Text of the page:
Monday, 30 May 2011

Fort Langley

Saturday, we took a trip out to Fort Langley. It is a National Historic Site and where the Hudson's Bay Company built a supply fort in the early 1800s near the mouth of the Fraser River. It also plays a major role in BC's history, as in 1858 the province of British Columbia was proclaimed here by the first governor, James Douglas. The fort has been restored quite a bit since the last time we visited here in 2009.

 Fort Langley was not a fighting fort, but was a supply and distribution fort. Because it was not a fighting fort, it did not have the big cannons and defences like moats. It was where the natives would come and trade furs for goods, and also where furs from other forts in the interior would arrive and be packaged for shipment to England. It was a very long trip back to England because they had to sail around the bottom of South America. This was well before they built the Panama Canal.
 This was the blacksmith shop. They do all the work with metals to build things for the fort and for trade. "Smith" comes from the word "smite" which means "to hit." They demonstrated how to make a hook, which would be used for hanging tools on. They also traded hooks with the natives, who used it to hang salmon to dry. There was a forge with a big bellows pump for pushing air in to feed the fire. In many blacksmith shops, boys as young as six or seven would often have a job keeping the fires going and making nails.
 Here we are baking bannock over a fire. Bannock came from Scotland, and is a doughy mix of flour, water, baking powder, salt, maybe butter and sugar, and anything else they can put in like berries. It takes a while to heat over the fire without getting it all burnt. Meanwhile, the smoke gets in our eyes and we have to shut them while baking the bannock.
 The bannock was quite good! Here's a recipe we found on the internet:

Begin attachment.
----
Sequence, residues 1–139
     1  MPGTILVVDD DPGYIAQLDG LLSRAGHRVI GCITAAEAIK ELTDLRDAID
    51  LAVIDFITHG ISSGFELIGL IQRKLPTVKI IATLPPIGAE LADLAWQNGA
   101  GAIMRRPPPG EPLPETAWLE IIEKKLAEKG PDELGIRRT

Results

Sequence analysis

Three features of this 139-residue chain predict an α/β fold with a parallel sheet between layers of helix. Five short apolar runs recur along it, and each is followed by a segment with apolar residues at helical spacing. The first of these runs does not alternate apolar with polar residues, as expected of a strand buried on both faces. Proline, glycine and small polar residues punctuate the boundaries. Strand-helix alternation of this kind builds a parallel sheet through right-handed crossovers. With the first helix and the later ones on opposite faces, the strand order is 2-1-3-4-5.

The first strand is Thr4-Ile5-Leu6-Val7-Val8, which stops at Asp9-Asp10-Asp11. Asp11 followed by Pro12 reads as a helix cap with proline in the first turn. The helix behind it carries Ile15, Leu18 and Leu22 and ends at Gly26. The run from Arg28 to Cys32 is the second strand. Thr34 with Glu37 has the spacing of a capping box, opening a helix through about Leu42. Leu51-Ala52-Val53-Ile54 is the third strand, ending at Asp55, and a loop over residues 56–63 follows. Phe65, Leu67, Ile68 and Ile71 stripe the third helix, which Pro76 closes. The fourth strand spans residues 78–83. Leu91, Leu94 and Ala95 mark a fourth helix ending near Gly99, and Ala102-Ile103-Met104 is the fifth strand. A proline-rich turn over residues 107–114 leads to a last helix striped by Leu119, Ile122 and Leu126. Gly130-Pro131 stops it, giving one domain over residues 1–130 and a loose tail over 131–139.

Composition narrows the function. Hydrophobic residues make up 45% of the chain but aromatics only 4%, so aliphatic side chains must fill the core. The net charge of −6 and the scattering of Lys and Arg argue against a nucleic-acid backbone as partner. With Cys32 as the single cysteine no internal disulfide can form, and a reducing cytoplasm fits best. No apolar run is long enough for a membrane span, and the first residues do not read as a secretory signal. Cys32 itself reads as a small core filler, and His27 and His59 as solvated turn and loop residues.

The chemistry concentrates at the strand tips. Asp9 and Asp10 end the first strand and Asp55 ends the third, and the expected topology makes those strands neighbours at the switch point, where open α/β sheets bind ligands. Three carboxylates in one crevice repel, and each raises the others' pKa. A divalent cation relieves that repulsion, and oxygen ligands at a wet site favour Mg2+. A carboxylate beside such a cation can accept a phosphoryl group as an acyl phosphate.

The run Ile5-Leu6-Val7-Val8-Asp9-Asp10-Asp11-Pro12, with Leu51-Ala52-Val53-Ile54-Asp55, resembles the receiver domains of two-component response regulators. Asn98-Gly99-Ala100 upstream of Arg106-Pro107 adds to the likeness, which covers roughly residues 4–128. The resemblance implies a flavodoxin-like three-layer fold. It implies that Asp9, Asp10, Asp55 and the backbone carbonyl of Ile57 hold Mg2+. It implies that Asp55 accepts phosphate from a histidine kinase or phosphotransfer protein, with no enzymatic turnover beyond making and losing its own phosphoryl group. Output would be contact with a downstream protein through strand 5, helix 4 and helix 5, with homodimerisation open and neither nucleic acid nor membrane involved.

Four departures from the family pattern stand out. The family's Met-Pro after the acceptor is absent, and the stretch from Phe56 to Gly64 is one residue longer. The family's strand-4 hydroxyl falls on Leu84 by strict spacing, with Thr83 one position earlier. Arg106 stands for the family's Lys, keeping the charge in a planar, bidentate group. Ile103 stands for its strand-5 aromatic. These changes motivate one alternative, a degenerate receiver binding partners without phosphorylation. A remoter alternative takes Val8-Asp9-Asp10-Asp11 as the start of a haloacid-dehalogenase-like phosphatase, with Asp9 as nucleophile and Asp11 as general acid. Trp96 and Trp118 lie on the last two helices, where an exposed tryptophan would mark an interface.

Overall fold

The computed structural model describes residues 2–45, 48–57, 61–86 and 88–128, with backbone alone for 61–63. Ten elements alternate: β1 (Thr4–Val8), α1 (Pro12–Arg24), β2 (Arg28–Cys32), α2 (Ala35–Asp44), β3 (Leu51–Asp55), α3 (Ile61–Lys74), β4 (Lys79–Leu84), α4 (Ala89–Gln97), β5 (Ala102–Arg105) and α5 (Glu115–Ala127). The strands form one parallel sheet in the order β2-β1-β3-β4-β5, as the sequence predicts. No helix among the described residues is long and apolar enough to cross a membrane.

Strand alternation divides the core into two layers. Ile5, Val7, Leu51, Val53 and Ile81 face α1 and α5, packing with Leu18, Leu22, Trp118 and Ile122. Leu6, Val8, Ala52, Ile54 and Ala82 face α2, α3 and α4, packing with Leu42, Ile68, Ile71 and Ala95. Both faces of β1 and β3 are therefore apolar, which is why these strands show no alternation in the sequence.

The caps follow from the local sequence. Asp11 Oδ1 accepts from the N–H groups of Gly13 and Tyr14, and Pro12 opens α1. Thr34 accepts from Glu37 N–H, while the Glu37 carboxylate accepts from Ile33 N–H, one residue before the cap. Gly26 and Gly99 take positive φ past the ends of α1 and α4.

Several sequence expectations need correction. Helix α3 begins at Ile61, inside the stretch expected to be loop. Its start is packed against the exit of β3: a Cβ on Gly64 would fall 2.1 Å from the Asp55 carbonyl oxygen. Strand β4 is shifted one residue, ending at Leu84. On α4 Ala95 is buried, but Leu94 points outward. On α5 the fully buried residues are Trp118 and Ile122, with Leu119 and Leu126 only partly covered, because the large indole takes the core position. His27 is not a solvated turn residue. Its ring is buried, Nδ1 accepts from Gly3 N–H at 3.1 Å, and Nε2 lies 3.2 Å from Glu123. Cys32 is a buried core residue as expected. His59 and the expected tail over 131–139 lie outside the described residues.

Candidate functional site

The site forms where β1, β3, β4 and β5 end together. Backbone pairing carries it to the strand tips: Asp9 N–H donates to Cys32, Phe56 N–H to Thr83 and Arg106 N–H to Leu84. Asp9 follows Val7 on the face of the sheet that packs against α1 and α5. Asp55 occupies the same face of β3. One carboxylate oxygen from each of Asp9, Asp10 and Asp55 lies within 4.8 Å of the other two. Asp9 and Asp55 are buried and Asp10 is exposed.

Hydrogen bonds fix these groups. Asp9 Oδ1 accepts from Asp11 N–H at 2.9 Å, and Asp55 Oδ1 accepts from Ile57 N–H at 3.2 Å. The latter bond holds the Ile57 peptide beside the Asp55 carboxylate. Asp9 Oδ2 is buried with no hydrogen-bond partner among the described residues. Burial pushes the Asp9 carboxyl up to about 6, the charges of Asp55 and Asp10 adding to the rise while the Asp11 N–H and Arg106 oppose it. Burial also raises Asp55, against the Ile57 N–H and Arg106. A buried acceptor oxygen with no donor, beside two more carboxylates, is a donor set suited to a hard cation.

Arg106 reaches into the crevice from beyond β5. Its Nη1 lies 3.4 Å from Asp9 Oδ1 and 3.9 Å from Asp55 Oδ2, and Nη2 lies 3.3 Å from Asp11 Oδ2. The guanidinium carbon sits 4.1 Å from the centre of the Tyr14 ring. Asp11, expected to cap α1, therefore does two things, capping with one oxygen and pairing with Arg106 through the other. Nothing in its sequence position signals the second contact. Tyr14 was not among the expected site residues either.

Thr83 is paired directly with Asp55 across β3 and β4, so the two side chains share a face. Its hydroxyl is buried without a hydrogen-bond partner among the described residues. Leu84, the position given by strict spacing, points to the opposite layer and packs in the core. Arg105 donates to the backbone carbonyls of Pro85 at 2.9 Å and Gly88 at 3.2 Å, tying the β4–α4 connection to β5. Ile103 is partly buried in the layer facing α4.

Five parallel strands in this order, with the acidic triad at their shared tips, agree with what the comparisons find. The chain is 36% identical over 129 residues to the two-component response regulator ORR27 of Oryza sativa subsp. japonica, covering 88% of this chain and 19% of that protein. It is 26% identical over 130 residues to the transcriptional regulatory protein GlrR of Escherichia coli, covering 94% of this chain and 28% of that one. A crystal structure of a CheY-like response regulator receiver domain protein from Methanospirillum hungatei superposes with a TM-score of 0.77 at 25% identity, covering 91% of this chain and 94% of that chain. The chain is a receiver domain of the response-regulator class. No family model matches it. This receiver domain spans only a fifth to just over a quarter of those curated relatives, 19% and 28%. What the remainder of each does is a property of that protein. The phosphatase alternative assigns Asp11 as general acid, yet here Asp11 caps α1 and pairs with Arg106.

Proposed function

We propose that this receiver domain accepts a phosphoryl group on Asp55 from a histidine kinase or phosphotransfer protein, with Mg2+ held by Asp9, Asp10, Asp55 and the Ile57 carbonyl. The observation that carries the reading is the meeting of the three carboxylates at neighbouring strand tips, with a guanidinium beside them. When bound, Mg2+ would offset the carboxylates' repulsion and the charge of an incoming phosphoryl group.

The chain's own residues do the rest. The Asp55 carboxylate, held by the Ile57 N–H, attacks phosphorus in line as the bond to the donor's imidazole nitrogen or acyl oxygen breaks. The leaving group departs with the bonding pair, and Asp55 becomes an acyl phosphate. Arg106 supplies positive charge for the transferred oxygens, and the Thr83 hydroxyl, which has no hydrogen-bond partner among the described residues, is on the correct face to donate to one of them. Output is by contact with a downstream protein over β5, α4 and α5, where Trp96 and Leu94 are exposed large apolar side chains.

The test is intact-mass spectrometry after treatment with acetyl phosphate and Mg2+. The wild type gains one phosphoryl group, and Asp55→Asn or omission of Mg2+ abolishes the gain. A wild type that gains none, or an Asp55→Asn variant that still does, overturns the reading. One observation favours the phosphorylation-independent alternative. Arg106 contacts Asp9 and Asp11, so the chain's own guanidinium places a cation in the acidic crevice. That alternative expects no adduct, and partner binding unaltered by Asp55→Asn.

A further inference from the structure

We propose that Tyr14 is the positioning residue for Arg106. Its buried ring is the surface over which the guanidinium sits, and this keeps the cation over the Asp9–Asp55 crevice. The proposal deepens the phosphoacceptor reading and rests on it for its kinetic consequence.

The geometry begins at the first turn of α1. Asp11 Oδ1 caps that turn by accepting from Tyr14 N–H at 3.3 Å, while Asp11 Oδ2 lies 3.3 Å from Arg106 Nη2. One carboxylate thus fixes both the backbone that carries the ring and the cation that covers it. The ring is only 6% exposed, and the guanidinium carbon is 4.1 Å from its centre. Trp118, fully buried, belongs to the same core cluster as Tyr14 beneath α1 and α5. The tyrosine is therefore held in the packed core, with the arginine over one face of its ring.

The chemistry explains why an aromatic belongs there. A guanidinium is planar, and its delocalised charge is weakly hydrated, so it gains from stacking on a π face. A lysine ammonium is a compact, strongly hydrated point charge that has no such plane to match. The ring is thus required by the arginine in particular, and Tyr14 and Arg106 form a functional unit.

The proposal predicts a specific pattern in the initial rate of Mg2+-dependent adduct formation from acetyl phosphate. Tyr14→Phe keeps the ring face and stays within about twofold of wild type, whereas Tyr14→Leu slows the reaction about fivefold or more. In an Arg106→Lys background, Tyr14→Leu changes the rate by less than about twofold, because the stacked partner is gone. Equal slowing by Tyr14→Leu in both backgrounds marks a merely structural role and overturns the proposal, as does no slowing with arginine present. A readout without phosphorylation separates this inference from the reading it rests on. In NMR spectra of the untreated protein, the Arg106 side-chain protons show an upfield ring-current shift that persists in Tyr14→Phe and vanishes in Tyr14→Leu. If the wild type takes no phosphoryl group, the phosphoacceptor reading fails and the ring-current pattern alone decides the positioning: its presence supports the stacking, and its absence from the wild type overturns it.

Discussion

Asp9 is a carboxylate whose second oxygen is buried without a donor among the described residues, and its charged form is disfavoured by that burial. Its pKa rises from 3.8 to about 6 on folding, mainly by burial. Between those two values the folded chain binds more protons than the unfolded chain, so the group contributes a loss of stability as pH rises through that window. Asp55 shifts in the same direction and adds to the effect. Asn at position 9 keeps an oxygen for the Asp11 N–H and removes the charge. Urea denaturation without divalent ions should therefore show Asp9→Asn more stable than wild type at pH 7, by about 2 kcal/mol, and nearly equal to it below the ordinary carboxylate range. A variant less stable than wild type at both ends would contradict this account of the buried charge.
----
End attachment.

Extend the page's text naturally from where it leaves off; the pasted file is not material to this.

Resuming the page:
In 1859, British Columbia went gold crazy, when people discovered gold in the interior in places like Barkerville. This made the fort even more important, because all the miners bought supplies here before going up the Fraser River into the interior. The blacksmith became VERY busy making pickaxes and shovels!
At the storehouse, we saw samples of all the different types of furs that would be traded. These included coyotes, beaver, fox, mink, martin, sea otter, fischer, wolverine, badger, raccoon, bear. To prepare the skins before trading, the skins had to be cleaned of all flesh and fat, because even a little bit can rot the skin and the entire bale of fur during shipment. In many forts, beavers and other skins were used as money instead of coins or paper money. The skins are pressed into a dense bale of nearly 100 pounds, and the voyageurs sometimes carried two of them at a time!

This was a ceremonial canoe that was donated to the people of British Columbia and housed at Fort Langley.

This bunny matches the camouflage of my sweater perfectly!

Here we are feeding the baby goats, called "kids," at the fort. They also had pigs, sheep, bunnies, and chickens.

Family mugshot, Part 1: Mama goat and her two babies.

Family mugshot, Part 2: Mommy and us with her uncle Guy and her cousin Matthew. We went out to visit Guy for dinner after Fort Langley.

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